You can't switch on the
Type object, but you can switch on it's name:
switch( typeof(TContract).Name )
case "Namespace.SomeTypeName": ...
In general, however, this rarely proves to be a good design choice. You are better off passing in a delegate or a object that implements an interface (or even a generic type parameter) to define the "strategies" for handling different types.
This is a common question about designing and writing generic types - namely the ability to perform entirely different actions based on the type of the generic type parameters. I tend to view this as a code smell that you may not be using generics as they were intended and your design is "going against the grain", so to speak.
However, in some cases it is indeed necessary to perform processing that varies by type, in which case passing in a separate type (either to the constructor as another generic parameter) allows you to separate the different concerns into "strategies" that are more extensible, cleaner, and less coupled to the implementation of the generic class. An example might be:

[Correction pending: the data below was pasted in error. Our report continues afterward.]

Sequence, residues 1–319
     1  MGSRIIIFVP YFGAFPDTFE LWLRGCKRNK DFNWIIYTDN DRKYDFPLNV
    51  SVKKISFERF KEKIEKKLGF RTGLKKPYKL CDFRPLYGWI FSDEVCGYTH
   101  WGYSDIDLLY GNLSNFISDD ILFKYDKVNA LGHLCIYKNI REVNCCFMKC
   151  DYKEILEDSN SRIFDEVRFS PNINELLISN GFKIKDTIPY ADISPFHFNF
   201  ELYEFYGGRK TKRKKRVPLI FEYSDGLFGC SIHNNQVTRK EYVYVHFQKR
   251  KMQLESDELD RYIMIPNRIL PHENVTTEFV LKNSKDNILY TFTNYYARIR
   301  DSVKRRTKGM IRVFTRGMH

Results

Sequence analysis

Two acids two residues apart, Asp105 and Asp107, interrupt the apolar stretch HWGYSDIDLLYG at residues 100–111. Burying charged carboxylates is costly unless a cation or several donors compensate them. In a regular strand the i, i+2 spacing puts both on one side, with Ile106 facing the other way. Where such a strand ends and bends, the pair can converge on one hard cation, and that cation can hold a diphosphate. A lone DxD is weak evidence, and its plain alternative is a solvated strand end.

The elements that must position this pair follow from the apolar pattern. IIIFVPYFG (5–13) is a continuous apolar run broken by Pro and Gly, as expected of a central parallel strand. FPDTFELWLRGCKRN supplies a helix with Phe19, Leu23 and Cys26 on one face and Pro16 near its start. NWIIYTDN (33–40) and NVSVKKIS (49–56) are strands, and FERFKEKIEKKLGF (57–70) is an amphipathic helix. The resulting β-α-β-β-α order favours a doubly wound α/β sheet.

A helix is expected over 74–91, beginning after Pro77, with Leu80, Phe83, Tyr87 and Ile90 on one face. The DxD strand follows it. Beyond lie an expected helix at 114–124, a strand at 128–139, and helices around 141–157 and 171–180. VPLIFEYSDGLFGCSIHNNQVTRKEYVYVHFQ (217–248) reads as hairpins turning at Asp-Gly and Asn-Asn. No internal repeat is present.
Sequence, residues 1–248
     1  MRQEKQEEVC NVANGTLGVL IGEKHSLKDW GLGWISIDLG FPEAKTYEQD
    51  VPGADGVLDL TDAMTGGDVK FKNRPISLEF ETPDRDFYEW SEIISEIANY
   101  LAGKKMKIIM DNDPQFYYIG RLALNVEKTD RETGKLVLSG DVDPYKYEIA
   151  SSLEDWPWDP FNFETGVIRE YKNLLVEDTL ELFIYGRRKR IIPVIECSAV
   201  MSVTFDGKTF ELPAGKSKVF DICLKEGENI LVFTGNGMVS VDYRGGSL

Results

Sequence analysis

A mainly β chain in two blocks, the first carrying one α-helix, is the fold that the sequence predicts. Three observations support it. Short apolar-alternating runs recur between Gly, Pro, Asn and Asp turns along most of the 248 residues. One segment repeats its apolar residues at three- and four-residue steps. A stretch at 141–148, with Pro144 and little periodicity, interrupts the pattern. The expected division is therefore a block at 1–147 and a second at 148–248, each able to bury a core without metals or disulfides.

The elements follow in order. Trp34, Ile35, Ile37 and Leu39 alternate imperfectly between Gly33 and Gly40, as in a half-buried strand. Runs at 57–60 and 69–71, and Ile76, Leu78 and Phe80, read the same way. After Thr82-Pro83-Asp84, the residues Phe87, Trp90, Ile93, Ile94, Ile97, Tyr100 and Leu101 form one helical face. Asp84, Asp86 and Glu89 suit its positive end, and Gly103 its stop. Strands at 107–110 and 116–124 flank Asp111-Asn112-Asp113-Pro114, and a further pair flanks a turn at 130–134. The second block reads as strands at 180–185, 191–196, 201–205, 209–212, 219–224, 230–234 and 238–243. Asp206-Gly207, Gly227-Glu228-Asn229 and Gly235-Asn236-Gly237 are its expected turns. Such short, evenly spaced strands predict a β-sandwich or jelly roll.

T Add( T first, T second );
public class Calculator<T,TOp>
where TOp : IOperation<T>, new()
private readonly TOp m_Op = new TOp();
public T Sum( IEnumerable<T> values )
T accum = default(T);
foreach( var val in values )
accum = m_Op( accum, val );
Now you can write different implementations of
IOperation<T> that are appropriate to different types (integers, floating point numbers, complex numbers, matrixes, etc). The generic class
Calculator<T,TOp> is then separate from the operations that vary by type, but is free to compose them as it sees fit.
In .NET 4.0 it's possible to use
dynamic to dispatch to overloads of one or more methods that are specialized for certain types. This approach, while simpler, incurs the performance penalty of essentially invoking the compiler at runtime to figure out which method to invoke. Althought, the DLR does to a reasonably good job of caching this information at the call site, which can amortize the cost if you will invoke the method multiple times.